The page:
Once they settle into their seats, the topography of an audience is a fascinating thing to measure. Bleecker 45 is a 300 seat house with a thrust stage, meaning the audience envelops the performer on the left and right side: the stage thrusts into the audience. Take from that what you will.
What’s most intriguing is the distinct reactions you hear from each area. Perhaps, like the left and right brain, audience left and right are accountable for different functions.
Not unlike the right cranial hemisphere, those sitting stage right are more verbal, more expressive. They appear to get the over all with more clarity, and more quickly, whereas there’s much more chin scratching on the left. Like that part of the brain, it feels like the left is lost in thought, dissecting the individual parts.
Front Row People are a distinct, almost archtypical breed. There are the first tickets that sell via Telecharge, so you often get your most avid theatergoers. They sit very still, wide-eyed, moving only to dodge the spittle from consonants like P and T.
Watch any concert video from Led Zeppelin to George Michael and you’ll see the blissed-out look of the Front Row People. Scientists have hypothesized that such close proximity triggers a biochemical transference with the spectacle unfolding so closely in front of them. There’s no barrier between them and the artist. No other energy to get in the way. So if the performer is on, and the adrenaline is flowing, so will it be in the spectator.
This is the opposite of the Back Row Distracted. More often than not, these are the people who smoked way too much dope in high school. They’re in the back because they’re rebels. They bought tickets at the last minute because they didn’t really wanna see this stupidass play. And they take advantage of their anonymity by rustling, shifting, and sighing.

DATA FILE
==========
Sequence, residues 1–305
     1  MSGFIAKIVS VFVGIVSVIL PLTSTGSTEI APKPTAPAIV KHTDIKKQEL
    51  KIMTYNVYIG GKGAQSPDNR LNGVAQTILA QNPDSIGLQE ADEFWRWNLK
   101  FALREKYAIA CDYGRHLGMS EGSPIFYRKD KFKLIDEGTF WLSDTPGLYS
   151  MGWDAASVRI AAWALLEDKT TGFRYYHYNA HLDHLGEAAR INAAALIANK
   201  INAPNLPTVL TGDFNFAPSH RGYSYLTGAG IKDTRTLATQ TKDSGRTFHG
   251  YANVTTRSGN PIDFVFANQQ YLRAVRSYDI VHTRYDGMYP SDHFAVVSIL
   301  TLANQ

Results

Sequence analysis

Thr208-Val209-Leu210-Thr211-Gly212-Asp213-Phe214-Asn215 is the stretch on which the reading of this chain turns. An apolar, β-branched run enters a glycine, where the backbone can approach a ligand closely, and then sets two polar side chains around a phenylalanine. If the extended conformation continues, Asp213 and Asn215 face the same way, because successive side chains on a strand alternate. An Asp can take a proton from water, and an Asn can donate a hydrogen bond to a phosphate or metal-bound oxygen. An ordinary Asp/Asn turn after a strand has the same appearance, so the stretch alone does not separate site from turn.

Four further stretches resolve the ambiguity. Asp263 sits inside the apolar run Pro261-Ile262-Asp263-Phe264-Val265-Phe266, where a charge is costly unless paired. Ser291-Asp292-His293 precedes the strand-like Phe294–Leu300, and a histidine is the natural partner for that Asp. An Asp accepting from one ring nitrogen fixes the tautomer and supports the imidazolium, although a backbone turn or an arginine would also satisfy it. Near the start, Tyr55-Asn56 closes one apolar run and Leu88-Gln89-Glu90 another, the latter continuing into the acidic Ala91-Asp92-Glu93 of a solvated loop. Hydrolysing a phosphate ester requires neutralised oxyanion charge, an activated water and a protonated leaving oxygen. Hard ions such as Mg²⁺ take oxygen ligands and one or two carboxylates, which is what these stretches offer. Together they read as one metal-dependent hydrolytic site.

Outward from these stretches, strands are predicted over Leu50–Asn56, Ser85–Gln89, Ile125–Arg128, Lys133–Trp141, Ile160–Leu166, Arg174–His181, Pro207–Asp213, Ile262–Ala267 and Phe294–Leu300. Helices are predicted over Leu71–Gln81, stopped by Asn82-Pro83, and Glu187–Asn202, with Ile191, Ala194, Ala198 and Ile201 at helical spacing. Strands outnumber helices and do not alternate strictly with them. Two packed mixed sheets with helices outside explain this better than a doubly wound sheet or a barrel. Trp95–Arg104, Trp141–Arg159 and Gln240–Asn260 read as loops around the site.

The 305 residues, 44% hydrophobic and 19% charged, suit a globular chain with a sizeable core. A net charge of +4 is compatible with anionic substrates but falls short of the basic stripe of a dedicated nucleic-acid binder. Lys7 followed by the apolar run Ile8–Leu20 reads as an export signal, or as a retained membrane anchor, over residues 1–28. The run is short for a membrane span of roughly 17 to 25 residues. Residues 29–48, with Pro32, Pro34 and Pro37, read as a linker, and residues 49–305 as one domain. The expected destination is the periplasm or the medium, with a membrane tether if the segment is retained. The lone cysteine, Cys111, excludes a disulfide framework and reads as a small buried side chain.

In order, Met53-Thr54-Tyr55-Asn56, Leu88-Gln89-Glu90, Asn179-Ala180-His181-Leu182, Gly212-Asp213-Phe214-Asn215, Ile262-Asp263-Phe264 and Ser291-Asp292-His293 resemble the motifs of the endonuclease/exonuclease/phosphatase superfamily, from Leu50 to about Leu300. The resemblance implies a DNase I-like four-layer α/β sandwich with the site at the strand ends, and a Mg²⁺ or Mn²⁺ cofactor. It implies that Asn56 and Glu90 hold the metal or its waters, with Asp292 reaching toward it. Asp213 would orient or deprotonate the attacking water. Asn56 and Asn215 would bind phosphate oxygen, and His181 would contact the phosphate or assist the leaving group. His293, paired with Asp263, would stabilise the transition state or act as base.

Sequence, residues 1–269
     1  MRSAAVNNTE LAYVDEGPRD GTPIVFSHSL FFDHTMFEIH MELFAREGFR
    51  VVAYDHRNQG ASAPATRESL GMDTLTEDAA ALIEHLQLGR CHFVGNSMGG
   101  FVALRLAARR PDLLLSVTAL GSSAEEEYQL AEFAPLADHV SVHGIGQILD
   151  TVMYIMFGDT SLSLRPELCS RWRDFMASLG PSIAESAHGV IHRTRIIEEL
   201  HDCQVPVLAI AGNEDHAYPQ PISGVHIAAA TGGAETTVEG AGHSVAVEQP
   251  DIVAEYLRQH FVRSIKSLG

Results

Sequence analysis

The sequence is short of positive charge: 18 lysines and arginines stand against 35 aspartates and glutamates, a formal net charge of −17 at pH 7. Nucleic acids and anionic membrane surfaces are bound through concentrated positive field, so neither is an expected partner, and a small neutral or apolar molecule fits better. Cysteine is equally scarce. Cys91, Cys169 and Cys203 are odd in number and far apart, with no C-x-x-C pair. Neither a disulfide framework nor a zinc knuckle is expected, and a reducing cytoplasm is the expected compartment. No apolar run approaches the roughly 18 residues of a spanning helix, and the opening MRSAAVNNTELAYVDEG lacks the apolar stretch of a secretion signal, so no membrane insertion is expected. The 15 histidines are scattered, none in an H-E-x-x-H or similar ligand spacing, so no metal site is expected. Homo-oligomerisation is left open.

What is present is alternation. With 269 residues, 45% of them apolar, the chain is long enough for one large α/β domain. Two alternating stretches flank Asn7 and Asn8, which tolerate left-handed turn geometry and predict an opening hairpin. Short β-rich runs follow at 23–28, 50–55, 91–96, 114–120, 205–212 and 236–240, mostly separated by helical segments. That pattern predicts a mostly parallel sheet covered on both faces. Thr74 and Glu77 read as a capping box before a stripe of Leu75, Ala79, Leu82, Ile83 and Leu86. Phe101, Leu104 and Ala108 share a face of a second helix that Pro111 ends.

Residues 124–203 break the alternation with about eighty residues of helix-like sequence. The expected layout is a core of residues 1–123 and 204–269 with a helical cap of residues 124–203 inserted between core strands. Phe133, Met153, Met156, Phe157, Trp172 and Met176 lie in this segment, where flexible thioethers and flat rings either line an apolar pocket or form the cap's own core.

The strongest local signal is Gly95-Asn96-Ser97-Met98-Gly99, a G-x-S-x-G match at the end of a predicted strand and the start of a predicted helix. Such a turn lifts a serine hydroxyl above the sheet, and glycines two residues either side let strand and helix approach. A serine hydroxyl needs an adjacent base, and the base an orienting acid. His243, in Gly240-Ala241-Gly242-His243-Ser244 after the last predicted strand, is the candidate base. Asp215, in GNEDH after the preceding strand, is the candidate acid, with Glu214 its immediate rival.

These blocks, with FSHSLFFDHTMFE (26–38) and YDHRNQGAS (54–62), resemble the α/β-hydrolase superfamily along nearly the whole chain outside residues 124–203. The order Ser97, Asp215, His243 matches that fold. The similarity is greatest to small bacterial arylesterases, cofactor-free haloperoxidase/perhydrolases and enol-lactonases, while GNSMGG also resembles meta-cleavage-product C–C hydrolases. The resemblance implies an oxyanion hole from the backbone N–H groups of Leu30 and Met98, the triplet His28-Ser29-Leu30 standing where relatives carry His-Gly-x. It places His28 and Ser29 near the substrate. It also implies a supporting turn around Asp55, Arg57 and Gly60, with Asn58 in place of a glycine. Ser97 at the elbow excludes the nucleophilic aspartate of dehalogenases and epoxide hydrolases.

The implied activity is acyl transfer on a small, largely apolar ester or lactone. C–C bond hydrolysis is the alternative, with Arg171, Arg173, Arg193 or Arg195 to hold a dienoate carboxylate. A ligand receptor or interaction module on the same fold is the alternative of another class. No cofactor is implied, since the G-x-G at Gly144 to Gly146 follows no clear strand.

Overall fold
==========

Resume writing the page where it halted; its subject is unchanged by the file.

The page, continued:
Fortunately, the Back Row Distracted are balanced by the Eager Broke: students and other artists who simply can’t afford a closer seat. They sit transfixed, following every moment with respectful attention, emitting loud shushes and daggered gazes to match the apathetic ho-hums of their very likely stoned row mates. It’s the battle of the galleys during every performance, though you don’t realize it.
Then there’s the Centré audience, which at it’s best, can be like the middle of a high-grade filet: melt in your mouth juicy. This area of seating is also the most vulnerable to groupthink, as they are sandwiched between all the reactions around them. They’re getting hit aurally from the laughter behind them, and can see the spasms of those giggling in front of them. They are going to go with the flow.
It can work against you though, as they can just as easily be influenced by the impatient shifts and head bobs of those falling asleep. (There is a special category for The Snorer. And right next to that category is the person who doesn’t nudge the snorer awake. You’re both going to a kinder ring of Dante’s Inferno).
In short, any good performance will include a strategy for controlling not only the middle, but also the entire house. There are varying methodologies for success. One can take the Napoleonic approach of slowly wearing down the flanks, and then diving through the center, or one could opt for Alexander the Great’s technique, which charges head forth into the center, splits it open, and then devours from the inside out.
It all depends on your view from the stage. Yes, we performers are watching you, the audience, just as closely. And man, can you put on a show.